Progressive Thinking on the Building Envelope
Earlier this year, after listening to concerns raised by our board members, we began to investigate how outdated rules governing building envelopes within contextual zoning can sometimes result in fewer residential units being built. We examined seventeen sites to see how much the building envelope rules affected the residential construction. Take a look at our full publication.
This morning, Friday September 19th, CHPC joined together with the New York City Department of City Planning (DCP) to discuss the findings of our study the “Building Envelope Conundrum.” The six person panel took place at the Center for Architecture.
Those unfamiliar with the ins and outs of zoning code might ask, “What is a building envelope?” However, the room was abuzz with excitement as architects, designers, and builders eagerly awaited the opportunity to share their suggestions for revising the rules with DCP staff.
After the authors of the study, Sarah Watson and Mark Ginsberg, presented the details of the CHPC study, moderator and CHPC Executive Director Jerilyn Perine introduced Howard Slatkin and Jeff Shumaker of the Department of City Planning. “We want to hear from you,” Slatkin told the crowd in his opening remarks. In addition to CHPC’s deputy director Sarah Watson, Samantha Magistro, Managing Director of New Business at Bronx Pro Real Estate Development, Doug Woodward, Edison Properties, and Mark Ginsberg, FAIA, Founding Partner, Curtis + Ginsberg Architects, were also seated on the panel.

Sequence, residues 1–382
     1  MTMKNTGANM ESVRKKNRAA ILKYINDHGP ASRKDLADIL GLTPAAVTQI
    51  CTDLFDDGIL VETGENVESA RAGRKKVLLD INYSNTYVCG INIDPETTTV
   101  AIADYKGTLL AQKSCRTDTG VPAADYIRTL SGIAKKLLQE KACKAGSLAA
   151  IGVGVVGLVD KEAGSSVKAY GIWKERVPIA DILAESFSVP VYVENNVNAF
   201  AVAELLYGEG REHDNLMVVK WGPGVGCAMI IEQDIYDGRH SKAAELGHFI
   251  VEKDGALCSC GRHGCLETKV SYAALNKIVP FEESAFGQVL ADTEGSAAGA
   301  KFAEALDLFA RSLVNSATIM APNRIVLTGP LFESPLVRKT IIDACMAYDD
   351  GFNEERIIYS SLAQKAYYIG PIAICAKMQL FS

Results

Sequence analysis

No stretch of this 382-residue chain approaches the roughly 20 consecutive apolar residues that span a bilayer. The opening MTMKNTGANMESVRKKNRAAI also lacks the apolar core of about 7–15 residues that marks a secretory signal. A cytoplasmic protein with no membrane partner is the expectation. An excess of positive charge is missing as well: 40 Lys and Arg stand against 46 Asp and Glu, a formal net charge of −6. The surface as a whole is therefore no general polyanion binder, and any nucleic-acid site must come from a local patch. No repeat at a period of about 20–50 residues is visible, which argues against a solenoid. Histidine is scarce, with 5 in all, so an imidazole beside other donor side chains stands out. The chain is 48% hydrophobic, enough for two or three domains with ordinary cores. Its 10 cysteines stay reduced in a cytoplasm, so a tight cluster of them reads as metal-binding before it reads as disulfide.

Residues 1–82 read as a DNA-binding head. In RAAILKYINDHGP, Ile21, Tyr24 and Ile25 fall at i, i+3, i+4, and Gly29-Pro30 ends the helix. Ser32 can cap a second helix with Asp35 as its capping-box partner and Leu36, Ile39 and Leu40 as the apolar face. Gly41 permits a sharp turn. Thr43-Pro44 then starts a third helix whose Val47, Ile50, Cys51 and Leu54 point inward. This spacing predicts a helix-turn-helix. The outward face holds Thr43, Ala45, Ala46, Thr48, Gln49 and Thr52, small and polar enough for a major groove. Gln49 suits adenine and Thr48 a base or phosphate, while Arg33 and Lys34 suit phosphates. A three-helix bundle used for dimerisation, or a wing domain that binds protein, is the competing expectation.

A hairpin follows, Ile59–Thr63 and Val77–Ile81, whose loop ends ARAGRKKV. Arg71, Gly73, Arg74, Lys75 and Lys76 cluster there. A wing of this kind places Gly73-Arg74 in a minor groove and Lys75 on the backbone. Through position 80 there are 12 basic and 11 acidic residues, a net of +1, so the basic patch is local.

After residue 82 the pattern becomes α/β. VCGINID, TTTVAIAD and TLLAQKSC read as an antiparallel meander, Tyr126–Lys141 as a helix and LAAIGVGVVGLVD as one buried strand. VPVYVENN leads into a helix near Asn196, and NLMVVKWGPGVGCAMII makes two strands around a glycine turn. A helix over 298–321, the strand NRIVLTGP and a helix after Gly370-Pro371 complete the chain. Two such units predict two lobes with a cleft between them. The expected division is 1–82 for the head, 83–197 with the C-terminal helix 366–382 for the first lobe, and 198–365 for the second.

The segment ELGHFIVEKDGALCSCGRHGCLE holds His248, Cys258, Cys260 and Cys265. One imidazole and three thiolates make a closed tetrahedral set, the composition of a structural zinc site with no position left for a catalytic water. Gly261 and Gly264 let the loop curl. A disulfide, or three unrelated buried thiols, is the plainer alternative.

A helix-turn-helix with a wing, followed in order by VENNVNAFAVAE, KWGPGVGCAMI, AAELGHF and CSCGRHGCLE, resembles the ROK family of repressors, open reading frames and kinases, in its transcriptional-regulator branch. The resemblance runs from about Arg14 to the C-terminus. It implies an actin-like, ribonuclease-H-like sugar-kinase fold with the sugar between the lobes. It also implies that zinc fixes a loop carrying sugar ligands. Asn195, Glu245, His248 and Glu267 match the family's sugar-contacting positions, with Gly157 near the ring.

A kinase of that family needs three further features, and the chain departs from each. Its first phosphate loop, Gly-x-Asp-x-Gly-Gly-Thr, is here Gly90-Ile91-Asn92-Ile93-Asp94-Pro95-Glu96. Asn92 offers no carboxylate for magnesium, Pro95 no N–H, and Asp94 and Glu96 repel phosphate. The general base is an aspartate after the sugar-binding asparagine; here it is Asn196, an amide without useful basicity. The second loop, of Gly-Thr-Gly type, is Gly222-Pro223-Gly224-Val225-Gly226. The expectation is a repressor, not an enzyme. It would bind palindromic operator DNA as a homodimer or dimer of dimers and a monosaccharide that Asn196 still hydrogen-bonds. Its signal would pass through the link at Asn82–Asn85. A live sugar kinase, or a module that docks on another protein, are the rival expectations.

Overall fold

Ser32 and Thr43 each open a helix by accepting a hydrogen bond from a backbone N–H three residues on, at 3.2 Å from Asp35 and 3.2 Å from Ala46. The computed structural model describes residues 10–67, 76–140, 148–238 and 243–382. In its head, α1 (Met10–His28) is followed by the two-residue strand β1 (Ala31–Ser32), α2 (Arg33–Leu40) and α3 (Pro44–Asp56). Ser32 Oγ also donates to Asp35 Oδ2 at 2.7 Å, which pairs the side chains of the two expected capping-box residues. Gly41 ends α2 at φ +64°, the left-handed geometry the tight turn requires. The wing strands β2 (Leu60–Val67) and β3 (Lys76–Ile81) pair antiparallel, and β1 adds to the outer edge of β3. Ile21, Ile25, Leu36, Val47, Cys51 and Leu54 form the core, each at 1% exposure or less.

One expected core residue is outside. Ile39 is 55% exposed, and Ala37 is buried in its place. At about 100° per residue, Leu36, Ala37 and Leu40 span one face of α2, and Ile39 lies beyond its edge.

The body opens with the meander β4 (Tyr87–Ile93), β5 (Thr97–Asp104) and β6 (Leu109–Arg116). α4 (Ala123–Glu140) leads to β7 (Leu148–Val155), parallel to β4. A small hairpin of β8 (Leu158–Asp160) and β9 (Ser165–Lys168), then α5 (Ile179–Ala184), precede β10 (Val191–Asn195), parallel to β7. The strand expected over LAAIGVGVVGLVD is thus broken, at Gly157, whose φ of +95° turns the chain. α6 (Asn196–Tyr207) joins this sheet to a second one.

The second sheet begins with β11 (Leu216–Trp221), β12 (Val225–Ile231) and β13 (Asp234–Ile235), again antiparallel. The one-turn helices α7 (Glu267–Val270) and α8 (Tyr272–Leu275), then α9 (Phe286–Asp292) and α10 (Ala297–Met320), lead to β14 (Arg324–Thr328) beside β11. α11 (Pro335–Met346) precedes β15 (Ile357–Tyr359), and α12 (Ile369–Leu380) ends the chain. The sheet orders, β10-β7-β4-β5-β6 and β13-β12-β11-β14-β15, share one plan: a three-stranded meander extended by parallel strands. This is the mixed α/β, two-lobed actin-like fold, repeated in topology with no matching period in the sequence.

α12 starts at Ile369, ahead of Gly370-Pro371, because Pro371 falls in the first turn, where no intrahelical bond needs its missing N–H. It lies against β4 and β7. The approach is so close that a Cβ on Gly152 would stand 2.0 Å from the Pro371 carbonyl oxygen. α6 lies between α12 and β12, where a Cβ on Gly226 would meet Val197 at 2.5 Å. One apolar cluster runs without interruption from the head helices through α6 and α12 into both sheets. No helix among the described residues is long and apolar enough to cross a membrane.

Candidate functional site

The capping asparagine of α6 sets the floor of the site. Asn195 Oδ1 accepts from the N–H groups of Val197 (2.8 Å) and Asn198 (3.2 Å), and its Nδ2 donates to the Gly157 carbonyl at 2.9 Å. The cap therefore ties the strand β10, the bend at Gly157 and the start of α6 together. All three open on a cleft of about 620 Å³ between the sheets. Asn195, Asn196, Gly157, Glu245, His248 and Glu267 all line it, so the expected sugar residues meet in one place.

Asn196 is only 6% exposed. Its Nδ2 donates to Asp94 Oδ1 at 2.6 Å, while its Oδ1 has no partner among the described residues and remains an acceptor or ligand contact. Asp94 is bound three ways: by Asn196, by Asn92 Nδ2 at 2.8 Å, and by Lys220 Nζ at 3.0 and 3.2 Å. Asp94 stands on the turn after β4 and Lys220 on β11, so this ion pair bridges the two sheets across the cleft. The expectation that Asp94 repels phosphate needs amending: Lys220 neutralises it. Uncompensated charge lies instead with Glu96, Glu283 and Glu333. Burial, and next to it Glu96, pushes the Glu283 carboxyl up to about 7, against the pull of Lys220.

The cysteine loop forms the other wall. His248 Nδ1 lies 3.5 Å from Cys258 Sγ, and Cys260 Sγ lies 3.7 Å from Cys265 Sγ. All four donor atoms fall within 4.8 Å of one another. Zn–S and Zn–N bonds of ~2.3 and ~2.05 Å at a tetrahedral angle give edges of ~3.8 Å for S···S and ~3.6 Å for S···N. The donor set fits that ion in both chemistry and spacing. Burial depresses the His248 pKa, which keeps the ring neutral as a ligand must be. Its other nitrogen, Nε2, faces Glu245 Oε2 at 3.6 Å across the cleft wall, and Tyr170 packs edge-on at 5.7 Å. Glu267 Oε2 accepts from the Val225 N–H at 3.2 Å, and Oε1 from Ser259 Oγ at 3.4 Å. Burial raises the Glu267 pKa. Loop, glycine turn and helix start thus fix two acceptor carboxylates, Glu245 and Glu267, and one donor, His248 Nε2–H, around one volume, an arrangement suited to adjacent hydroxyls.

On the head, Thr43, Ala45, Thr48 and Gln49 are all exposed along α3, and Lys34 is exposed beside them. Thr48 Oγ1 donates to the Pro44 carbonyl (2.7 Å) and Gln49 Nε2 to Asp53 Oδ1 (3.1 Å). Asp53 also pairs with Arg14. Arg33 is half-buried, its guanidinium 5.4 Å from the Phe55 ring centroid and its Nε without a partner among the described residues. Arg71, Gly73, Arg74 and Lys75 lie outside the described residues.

The rules governing dimensional limits of new buildings for contextual zoning were devised in 1987, and it is clear that much has changed since time. Many concerns were raised over loss of usable floor area, and what impact this has on affordable housing projects. The panel presentations and audience feedback outlined many ways regulations could be changed to allow for increased floor areas, better quality apartments, and increased neighborhood benefit. Suggestions included easing height limits and rear yard setbacks, or allowing for more envelope flexibility in exchange for floor area bonuses.
CHPC and DCP will be processing feedback from this event and look forward to incorporating all of the suggestions made as the work moves ahead.